Tag Archives: Will McAvoy

The (mc)A(voy)-Team

We’re doing a bit of a Stephen J. Cannell tribute with this week’s A Newsroom A Day. We like to think he would be proud.

If Will McAvoy is Hannibal Smith, then does that make Charlie Skinner B.A. Baracus?

 

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Filed under A Newsroom A Day, Jump Streets Ahead

11 Years Since (September)11: On Grief, Despair and American Flag Speedos

“Ain’t no shame in holding onto grief . . . as long as you make room for other things too.”

Reginald “Bubbles” Cousins, The Wire 

We wanted to keep this bright and sunny and cheerful and light on the 11th anniversary of the September 11th attacks, and heed the words of Bubbles (Season 5, Episode 9) by making room for Will Ferrell sporting an American Flag Speedo. Unfortunately, we just can’t find that SNL sketch in its entirety online, either because Ferrell reveals too much of his undercarriage to get past the Hulu censors or because this sketch is included on the Best of Will Ferrell and NBC wants to protect its DVD assets. Either way, our attempt to demonstrate some levity on such a somber day was thwarted. So, instead, we will revert back to holding onto the grief and commemorate this day – and the still lingering sadness and pain – with our original choice, Jon Stewart’s personal, emotional, gut-wrenching but still hopeful words to open the first The Daily Show following the tragedy.

So there ain’t no shame in holding onto grief. Just don’t hold onto despair.

This should be required viewing every year for everyone, and just proves even more that we  already have our Will McAvoy.

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Filed under Brilliance, Lady Holiday

America’s #1 Fake Real News Show: On ‘The Newsroom’

Will McAvoyAs promised, we’re going to quickly dip our toes into the somewhat toxic pool of The Newsroom analysis. Like with any review or analysis, anything we say is ultimately futile and inconsequential, because, in the end, it’s not going to change the way you feel about the show, and it’s certainly not going to alter Aaron Sorkin’s vision or persuade him to reconsider his writing style. But in the case of The Newsroom, anything we say, any argument we make, feels especially meaningless in the wake of all the criticism and (less so) praise it’s received. But, hell, let’s be a Greater Fool and try anyway.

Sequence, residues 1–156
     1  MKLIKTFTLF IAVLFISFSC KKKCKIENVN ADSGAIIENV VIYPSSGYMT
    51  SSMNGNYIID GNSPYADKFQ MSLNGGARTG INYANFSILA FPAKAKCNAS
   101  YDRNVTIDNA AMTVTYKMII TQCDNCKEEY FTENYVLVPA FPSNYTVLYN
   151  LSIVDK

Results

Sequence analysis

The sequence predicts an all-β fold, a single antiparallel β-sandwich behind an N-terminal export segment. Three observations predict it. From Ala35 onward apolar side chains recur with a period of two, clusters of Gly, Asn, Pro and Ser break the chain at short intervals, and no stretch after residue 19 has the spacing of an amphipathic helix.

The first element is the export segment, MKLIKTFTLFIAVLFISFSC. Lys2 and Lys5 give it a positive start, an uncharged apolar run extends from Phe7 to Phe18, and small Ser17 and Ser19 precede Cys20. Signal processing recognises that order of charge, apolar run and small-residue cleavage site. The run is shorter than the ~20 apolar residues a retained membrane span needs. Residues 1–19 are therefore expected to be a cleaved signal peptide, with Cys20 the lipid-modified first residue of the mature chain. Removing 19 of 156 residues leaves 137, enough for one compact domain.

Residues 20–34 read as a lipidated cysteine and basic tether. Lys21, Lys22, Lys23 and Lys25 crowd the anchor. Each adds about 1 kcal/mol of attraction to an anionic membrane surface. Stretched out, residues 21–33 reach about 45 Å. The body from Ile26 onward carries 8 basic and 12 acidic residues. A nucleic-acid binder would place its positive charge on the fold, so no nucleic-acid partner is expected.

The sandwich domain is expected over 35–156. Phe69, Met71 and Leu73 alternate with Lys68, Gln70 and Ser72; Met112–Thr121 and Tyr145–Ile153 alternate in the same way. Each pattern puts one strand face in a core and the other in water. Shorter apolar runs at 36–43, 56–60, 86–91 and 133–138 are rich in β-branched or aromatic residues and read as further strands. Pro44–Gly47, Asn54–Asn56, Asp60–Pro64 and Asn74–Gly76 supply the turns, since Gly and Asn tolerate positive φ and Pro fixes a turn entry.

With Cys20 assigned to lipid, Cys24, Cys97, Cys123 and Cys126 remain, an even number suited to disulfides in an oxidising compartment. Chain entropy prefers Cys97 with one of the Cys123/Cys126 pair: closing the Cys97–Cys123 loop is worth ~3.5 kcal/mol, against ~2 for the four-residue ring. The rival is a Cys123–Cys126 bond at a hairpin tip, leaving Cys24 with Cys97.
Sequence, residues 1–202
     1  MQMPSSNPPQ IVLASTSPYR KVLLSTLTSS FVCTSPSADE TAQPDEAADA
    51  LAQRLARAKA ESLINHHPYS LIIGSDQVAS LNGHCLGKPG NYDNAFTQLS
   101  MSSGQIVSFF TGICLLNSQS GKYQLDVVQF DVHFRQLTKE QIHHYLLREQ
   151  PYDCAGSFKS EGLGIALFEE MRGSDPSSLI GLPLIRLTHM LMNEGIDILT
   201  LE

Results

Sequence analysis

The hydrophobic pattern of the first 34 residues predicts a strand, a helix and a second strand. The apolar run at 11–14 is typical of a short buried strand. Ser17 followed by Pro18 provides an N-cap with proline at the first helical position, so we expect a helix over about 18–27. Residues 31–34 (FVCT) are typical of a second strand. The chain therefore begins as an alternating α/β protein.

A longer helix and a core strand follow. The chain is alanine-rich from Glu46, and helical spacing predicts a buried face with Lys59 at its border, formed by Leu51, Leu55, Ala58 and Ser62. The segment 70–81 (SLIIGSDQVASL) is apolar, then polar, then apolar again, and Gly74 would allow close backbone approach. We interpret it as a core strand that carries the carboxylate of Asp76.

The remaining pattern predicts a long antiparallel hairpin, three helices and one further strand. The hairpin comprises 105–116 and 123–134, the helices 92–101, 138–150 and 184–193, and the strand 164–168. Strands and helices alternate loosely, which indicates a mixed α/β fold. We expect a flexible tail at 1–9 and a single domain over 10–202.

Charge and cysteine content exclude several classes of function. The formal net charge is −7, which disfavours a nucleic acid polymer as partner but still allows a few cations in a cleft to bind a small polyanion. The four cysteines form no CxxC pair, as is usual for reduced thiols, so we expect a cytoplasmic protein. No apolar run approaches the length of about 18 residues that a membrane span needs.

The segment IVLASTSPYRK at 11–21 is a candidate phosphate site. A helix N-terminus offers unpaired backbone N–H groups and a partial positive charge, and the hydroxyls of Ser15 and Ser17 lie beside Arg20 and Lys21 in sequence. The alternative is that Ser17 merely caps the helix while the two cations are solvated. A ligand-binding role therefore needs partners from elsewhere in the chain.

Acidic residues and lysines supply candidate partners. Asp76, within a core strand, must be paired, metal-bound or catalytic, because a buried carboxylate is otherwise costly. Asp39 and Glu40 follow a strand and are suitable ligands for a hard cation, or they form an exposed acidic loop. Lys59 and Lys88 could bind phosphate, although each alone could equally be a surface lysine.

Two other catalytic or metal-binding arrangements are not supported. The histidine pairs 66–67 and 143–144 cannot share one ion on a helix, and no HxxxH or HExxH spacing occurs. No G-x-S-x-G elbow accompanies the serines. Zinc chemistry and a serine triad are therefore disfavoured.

Let’s just say out of the gate that we like the show, and while that might put us in the minority we stand by our verdict. But what’s interesting or pertinent to us is not so much that we like it – or if it’s “good,” assuming there’s some kind of objective rubric which can calculate a show’s quality (which there’s not) – it’s the question of whether or not the show is worth watching. And we think the answer is: absolutely. Doesn’t that fact that the show seems to be so reviled (or snickered at) in so many corners yet still watched obsessively indicate there’s something of worth there? Certainly, The Newsroom doesn’t garner the same level of propulsive minute-by-minute Twitter reaction on Sunday evenings as Breaking Bad (nor does it come close to the AMC show’s unanimous, breathless praise), but it’s definitely one of the most talked about shows, even if much of that talk comes with head shaking, finger wagging and head scratching. And if the show was bad, unrelentingly terrible, it wouldn’t have lasted, or at least the discussion would have quieted down. We can’t imagine that if Work It had not been canceled after one week the din about its repugnancy would have continued. We would have had our fun and then watched it fade away, nary giving it another thought. But with The Newsroom the debate continued for ten episodes, and seemed to increase as we approached the season finale. Clearly, people were entertained by the show. Which, we certainly concede, isn’t necessarily the same as enjoying the show.